Fourth Quarter: 111 - 95

Shaun Livingston and Andre Iguodala served as co-floor generals for the bench squad that also composed Speights, Barbosa, and Barnes, coming out of the Third Quarter break. Livingston continued his quiet and extremely effective night with a nice opening defensive possession. He and Barnes appeared to softly double the perimeter, leaving Alexis Ajinca a quick rotation away on the block. Barnes switched back onto Ajinca when the guard dumped it to the open Pelican. When Livingston's man ran through the key to clear the side for Ajinca versus Barnes, Livingston pounced with a quick double to force the ball out.

Speights, also, proved he can play smart ball, dishing a beautiful pass to Iguodala on a perfectly executed blitzing fastbreak.

Elsewhere, bigger-than-basketball bravery and fight was addressed:

As the Fourth Quarter wore on, the Warriors slowly lost steam. Curry clocked back into the game with 7:30 left in the Fourth, with Anthony Davis slowly warming up from the worst shooting performance of his career and the Warriors missing seven FGAs in a row.

Ezeli continued an impressive Second Half, displaying good hands on both sides of the ball, deflecting bullet passes by the Pelicans and catching lightning-quick Livingston dump offs under the rim. Barnes even fed Ezeli the ball for the slam off of a Barnes designated post-up.

(An interesting idea: if Barnes really does have a late-blooming court vision in storage he's ready to unveil in his contract year, perhaps he could someday replace Bogut's playmaking if Ezeli is to be the replacement at the 5. Ezeli displayed tonight the DeAndre Jordan package of "dunks and clean-up" that most teams are more than happy with from the 5. I don't expect Barnes to break out in that way, nor am I ready to declare Ezeli's performance consistent enough to be a long-term starting solution. Just a thought.)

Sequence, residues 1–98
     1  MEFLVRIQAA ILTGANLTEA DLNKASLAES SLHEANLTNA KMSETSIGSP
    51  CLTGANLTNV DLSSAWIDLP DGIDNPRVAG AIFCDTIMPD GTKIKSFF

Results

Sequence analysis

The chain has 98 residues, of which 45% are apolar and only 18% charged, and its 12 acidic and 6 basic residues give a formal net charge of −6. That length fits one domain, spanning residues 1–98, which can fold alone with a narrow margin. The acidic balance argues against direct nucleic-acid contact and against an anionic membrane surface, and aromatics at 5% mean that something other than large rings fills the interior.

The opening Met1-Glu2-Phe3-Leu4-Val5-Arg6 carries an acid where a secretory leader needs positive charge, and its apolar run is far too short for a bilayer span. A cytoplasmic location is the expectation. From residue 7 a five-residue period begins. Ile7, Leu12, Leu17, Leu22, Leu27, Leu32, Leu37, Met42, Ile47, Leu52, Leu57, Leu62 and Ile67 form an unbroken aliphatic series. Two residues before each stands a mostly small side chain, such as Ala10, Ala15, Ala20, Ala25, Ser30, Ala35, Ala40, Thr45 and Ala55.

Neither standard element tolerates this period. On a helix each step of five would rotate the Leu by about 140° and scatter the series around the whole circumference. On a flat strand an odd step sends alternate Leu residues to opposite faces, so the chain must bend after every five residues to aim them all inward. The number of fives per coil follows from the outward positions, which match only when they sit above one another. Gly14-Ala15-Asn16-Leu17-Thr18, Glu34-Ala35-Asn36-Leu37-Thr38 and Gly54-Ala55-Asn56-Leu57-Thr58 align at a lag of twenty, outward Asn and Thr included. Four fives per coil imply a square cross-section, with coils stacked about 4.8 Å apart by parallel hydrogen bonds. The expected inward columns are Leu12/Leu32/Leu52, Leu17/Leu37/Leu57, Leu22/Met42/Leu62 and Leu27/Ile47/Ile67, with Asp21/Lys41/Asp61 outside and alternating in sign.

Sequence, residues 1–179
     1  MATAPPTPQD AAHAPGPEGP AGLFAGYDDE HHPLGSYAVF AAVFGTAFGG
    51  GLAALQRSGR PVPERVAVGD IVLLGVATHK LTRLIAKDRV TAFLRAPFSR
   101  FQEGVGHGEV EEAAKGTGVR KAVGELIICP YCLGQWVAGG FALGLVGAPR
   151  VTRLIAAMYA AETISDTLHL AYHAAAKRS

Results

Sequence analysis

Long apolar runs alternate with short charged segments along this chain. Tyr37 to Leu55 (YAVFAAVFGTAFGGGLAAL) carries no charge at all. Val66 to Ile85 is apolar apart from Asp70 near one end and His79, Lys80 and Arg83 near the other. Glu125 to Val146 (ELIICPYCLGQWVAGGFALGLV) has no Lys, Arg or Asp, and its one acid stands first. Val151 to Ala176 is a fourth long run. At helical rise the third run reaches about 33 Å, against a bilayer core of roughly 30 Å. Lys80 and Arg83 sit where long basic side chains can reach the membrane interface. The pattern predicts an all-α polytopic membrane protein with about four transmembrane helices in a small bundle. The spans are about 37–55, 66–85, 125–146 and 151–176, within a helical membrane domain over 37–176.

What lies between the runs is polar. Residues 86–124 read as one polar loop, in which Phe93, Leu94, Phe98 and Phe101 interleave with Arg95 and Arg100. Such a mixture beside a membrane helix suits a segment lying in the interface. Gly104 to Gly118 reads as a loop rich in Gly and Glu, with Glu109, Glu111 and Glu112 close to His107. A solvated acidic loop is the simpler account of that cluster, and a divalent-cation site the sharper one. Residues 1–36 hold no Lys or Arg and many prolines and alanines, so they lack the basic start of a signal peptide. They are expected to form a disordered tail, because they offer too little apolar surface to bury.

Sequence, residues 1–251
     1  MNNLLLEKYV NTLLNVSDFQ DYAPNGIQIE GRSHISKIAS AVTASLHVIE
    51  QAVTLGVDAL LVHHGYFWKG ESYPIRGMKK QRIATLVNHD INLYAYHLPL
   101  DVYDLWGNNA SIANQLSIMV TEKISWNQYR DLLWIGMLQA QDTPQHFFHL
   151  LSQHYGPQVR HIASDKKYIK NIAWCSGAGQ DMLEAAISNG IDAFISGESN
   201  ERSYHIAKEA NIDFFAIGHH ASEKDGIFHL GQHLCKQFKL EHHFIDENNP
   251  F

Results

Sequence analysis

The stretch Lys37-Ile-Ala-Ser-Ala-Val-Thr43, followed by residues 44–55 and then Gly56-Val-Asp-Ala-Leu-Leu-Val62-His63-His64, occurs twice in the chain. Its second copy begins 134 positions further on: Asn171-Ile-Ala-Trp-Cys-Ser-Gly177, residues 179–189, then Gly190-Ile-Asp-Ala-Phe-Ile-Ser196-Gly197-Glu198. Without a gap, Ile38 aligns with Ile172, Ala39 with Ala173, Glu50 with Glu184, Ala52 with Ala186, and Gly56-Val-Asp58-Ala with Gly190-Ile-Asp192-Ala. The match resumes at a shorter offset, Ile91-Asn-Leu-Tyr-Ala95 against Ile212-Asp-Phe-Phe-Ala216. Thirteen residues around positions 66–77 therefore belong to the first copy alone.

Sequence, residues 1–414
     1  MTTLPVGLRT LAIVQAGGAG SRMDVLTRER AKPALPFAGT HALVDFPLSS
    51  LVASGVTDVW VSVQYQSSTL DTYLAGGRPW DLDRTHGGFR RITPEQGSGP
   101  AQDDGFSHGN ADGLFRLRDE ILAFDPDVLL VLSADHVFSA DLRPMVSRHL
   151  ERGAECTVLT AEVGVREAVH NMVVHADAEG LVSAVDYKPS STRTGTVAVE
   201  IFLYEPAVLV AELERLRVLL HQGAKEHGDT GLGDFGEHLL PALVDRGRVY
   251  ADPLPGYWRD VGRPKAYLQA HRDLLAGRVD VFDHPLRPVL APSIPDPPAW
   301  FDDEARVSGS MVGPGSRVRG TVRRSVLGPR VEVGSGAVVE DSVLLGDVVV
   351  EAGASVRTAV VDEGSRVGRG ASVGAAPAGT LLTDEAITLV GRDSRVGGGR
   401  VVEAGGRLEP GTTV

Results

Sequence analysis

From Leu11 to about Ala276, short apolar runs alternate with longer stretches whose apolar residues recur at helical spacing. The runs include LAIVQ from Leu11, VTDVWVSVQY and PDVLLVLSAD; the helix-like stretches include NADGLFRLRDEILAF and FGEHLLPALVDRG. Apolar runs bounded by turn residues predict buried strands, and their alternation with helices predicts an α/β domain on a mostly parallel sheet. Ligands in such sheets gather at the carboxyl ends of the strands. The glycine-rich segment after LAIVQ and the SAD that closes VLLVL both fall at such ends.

With two minutes left and a 15 point lead, Draymond made a rookie mistake. As the man at the top of the key when the shot went up, instead of returning on defense he went for a free rebound, resulting in an easy Pelicans transition hoop. Early season mental rust was evident, even in an overall dominant performance.

The starters were subbed out a moment later and the substitutes rode the lead out for the final minute and change.


Dominant performance by the top guns. Curry, Livingston, Green, and Bogut had great showings. Iguodala, Barnes, and Ezeli had good showings. Everyone else needs work.

The biggest surprise? Jason Thompson has been supplanted by James Michael McAdoo in the rotation. Sheesh.

Peering into the enemy's trench, Anthony Davis had a pretty bad showing a few months after the Warriors last saw him in Smoothie King Center. Check out the box score for both sides here, at your discretion.

Voices of GSoM:





Gamethread Warriors:

1 AJC3317 104
2 iHypeTV 93
3 Bout De Souffle 72
4 dfw111 70
5 mykelala01 67
6 belilaugh 51
7 Hot Take 49
8 ServantOfLuna 43
9 richstyle 38
10 starbury_to_s-jax_c.'00 37

Sign up for the newsletter Sign up for the Golden State of Mind Daily Roundup newsletter!

A daily roundup of Golden State Warriors news from Golden State of Mind